Becoming dependent on alcohol
Alcohol tastes good to most adults although not, usually, to children. It can help you to relax, which can make it easier to talk to other people, especially if you are a bit shy. The downside is that it can make you unfit to drive, to operate machinery and affects your ability to make decisions. If you go on drinking, your speech starts to slur, you become unsteady on your feet and may start to say things you may regret the next day. If you drink even more, most people start to feel sleepy, sick or dizzy. You may pass out. The next day you may be unable to remember what happened while you were drinking.
Alcohol can be a very effective way of feeling better for a few hours. If you are depressed and lacking in energy, it can be tempting to use alcohol to help you keep going and cope with life. The problem is that it is easy to slip into drinking regularly, using it like a medication. The benefits soon wear off and the drinking becomes part of a routine. You start to notice that instead of choosing to have a drink, you feel you have to have it; you wake up with shaky hands and a feeling of nervousness; you start to drink earlier and earlier; your work starts to suffer; your drinking starts to affect your relationships; you carry on drinking in spite of the problems it causes; you find you have to drink more and more to get the same effect (tolerance); you start to “binge drink” regularly.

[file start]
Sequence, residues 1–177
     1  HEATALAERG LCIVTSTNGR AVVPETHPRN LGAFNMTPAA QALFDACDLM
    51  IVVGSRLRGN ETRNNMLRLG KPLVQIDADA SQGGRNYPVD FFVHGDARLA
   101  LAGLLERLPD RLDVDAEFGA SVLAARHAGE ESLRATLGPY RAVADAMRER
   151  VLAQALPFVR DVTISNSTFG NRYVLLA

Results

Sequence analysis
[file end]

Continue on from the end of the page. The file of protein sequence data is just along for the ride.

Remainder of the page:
Alcohol can lead to psychosis - hearing voices when there is nobody there; dementia - memory loss, rather like Alzheimer's dementia (11). Therapy can help you address the causes of addiction to help you stop your addictive behaviour (4).
If you require help and advice Counselling and Psychotherapy may be provided via Skype and FaceTime in the comfort of your home, office or any place of your choice.